In a 3 chip, the light is converged and split at a different point in the process. Each color is given its own chip to pass light through simultaneously, whether that be the LCD panel or the DLP chip to create the 3 separate pixel grids. This is why they have convergence and sharpness issues.

Whereas the single-chip DLP passes through one chip and the color wheel simulates the ability to have separate colors.

As far as the LCD filters and polarizers, that is just used in combination with the lenses to optimize and create the proper colors, but it's not anything independant that disallows the need for prisms.
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post #24 of 28 Old 01-10-2020, 08:32 AM
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Originally Posted by Archibald1 View Post
Lol. No worries.







So that is caused by the colour filters in front of each panel then I am guessing?



All the panels on Sony PJs are identical (not colour specific even though they may be labelled as such) so the colour filters are doing the job you describe.



Does that sound correct?
Yes, you are correct. The colour filters do the job in current units.

If JVC and Sony started to use RGB leds or lasers, they wouldn't need the filters. Just point each light source to proper panel. Sounds too easy, dunno why they havent done it yet

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post #25 of 28 Old 01-10-2020, 08:36 AM
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There is still always going to be filtering involved when it comes to colors, the differences will be in how or where it is filtered. Filters are often there to conform the light into the proper uniformity and gamut. So even though some type of light might be more pure in response to a color gamut, it may not reach all different gamuts as well, or whatever... It could change the requirements in the way the lens works, or they may have to add a different lens in the projector to counter some other issue.

There is no free lunch, no tech is really just do this or that and it solves all problems in this stuff, even though it's pitched that way in the forums.
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Originally Posted by MDesigns View Post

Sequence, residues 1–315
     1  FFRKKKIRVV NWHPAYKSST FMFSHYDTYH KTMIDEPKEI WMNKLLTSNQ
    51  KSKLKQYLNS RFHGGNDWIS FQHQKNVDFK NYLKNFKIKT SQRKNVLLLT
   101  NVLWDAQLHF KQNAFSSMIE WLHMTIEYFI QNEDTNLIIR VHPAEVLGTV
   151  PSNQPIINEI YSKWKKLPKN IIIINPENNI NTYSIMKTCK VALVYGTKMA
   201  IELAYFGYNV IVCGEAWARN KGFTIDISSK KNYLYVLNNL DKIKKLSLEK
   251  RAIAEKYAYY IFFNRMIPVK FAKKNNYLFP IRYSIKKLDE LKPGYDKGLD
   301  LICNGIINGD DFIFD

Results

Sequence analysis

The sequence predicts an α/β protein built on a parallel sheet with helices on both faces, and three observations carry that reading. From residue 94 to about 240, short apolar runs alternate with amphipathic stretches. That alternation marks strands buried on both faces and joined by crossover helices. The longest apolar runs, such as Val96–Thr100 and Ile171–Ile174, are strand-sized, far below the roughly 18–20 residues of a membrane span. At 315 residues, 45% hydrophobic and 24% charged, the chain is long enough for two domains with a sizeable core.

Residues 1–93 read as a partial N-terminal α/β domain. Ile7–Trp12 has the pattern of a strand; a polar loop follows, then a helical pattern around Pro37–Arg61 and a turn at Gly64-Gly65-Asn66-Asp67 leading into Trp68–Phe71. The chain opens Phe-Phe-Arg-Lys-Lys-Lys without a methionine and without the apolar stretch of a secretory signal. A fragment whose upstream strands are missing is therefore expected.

Yes, you are correct. The colour filters do the job in current units.

If JVC and Sony started to use RGB leds or lasers, they wouldn't need the filters. Just point each light source to proper panel. Sounds too easy, dunno why they havent done it yet

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I am guessing they haven't done this in consumer units as yet, because of the size of the chassis required using current tech to combat heat and size of parts.

Or maybe they are just holding it back.....

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post #27 of 28 Old 01-10-2020, 08:39 AM
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I am guessing they haven't done this in consumer units as yet, because of the size of the chassis required using current tech to combat heat and size of parts.

Or maybe they are just holding it back.....
Specific types of lasers aside....

The reason they don't put LED and Laser into the lower-end units is because of oligopolistic market control and profitability.
The same reason Apple started gluing in batteries in laptops and making things brittle where if you try to work on it, it breaks.
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post #28 of 28 Old 01-10-2020, 10:13 AM
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Originally Posted by coderguy View Post
Specific types of lasers aside....

The reason they don't put LED and Laser into the lower-end units is because of oligopolistic market control and profitability.
The same reason Apple started gluing in batteries in laptops and making things brittle where if you try to work on it, it breaks.
Indeed.

No profitability in bringing out the best display you can actually currently make, when you can eek out improvements over several years and sell more units.

Not much future in such a wasteful way of doing things now, I feel.

We all have to be less wasteful in every conceivable way that we have control over now.

“Remember to look up at the stars and not down at your feet. Be curious. And however difficult life may seem, there is always something you can do and succeed at. It matters that you don’t just give up."